Poverty doesn't hit only the poor. It affects all Americans - through taxes for government support programs and lost productivity.
With the economy in recession, the numbers of needy Americans have been multiplying. One out of seven people in the country now lives below the federally established poverty level of $9,287 for a family of four - the highest ratio since 1967.
Many look for help to the federal government's ''social safety net'' of programs. But the mood in Washington is to cut back on such programs, in line with President Reagan's plan to bring fiscal discipline to the federal government. This raises the questions: How much can, and should, government do to help the poor? What can communities do? What can individuals do?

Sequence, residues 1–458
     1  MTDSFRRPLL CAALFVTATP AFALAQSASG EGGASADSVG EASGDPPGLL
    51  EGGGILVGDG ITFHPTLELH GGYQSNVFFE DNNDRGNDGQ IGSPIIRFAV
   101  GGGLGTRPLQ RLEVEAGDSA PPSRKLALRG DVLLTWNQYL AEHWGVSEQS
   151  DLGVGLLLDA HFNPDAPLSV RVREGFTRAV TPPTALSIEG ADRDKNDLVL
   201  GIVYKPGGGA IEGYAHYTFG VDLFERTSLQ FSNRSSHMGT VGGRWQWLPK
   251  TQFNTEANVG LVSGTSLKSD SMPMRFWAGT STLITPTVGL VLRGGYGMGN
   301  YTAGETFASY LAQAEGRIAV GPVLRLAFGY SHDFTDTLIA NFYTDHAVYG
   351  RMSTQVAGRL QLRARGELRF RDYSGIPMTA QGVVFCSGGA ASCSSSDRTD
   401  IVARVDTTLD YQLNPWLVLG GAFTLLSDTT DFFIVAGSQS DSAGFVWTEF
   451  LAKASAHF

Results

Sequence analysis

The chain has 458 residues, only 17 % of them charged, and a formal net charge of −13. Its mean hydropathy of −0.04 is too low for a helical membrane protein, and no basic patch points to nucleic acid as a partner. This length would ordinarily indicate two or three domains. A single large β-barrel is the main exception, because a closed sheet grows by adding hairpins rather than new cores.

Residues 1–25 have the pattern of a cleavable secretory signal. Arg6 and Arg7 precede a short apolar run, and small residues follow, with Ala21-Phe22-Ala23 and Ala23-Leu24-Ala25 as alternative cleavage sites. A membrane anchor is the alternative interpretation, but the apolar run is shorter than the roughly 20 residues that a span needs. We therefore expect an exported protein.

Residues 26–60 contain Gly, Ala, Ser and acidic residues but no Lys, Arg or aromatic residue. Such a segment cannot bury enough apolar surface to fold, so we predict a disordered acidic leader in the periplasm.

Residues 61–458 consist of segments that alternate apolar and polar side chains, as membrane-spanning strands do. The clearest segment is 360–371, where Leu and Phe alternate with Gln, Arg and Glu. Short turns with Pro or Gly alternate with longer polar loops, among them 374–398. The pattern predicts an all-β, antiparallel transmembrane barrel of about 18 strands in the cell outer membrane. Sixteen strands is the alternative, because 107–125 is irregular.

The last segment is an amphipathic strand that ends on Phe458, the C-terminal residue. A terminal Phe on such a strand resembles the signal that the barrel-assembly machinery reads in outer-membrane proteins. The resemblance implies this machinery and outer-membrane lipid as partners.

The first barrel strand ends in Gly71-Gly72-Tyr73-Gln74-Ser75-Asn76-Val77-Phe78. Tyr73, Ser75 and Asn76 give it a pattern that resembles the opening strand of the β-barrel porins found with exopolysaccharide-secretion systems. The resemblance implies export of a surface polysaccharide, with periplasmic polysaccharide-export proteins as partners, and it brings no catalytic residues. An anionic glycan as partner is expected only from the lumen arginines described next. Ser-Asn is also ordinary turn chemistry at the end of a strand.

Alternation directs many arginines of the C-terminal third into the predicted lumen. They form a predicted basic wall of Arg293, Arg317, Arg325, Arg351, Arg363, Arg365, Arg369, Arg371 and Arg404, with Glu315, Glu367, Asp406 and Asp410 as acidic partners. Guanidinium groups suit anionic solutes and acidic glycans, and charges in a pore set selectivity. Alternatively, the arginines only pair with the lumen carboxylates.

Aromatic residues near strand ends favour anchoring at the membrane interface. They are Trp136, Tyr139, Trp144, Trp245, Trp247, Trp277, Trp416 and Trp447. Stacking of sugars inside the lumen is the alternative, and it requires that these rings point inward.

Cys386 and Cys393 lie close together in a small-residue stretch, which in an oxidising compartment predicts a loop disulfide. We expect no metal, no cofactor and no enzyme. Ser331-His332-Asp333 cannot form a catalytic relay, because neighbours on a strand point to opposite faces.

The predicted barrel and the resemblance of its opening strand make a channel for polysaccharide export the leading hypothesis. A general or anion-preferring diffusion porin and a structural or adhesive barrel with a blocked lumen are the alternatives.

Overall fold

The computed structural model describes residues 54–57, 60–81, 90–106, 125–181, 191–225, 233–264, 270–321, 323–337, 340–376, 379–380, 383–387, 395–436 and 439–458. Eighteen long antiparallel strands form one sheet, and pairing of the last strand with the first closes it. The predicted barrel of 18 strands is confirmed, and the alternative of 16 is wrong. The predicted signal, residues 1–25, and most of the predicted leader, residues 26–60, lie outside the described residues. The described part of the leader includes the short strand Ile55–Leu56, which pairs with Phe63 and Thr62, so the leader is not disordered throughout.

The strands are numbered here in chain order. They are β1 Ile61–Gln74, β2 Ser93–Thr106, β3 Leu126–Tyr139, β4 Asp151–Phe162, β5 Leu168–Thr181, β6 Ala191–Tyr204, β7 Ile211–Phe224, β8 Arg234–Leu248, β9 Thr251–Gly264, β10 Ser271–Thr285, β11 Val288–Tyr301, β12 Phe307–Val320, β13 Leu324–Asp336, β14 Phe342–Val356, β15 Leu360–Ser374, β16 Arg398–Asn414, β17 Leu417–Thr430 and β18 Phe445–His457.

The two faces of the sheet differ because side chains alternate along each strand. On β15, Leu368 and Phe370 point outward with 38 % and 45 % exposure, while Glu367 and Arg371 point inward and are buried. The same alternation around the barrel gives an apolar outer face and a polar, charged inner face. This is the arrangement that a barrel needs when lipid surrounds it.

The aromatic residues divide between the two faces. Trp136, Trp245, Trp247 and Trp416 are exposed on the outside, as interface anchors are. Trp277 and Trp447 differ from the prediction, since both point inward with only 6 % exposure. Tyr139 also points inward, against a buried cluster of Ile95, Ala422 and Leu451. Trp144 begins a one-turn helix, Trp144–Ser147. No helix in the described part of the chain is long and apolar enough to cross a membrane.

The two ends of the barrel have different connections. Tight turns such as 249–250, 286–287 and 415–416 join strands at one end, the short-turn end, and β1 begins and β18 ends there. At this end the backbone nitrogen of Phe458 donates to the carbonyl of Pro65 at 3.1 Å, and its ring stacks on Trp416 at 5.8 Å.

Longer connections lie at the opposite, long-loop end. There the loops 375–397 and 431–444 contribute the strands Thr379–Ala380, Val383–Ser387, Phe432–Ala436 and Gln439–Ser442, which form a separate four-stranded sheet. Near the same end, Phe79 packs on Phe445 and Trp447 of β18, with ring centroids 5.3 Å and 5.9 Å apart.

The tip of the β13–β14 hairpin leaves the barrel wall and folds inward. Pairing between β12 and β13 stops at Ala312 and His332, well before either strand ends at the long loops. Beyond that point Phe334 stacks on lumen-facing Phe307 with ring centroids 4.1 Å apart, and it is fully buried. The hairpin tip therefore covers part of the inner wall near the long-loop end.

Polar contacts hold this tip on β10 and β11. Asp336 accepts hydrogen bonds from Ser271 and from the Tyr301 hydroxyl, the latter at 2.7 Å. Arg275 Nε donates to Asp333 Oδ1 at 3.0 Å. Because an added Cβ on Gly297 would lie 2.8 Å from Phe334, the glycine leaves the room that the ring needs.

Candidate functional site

The first of a series of articles examining this issue and suggesting some answers runs today on Page 12. The articles, to run occasionally during the next three weeks, will explore poverty in rural areas, in urban centers, and the particular problems of the elderly.
Author Robert M. Press, the Monitor's Atlanta-based correspondent, begins his survey with a dispatch from Mud Creek, Ky., in the heart of Appalachia.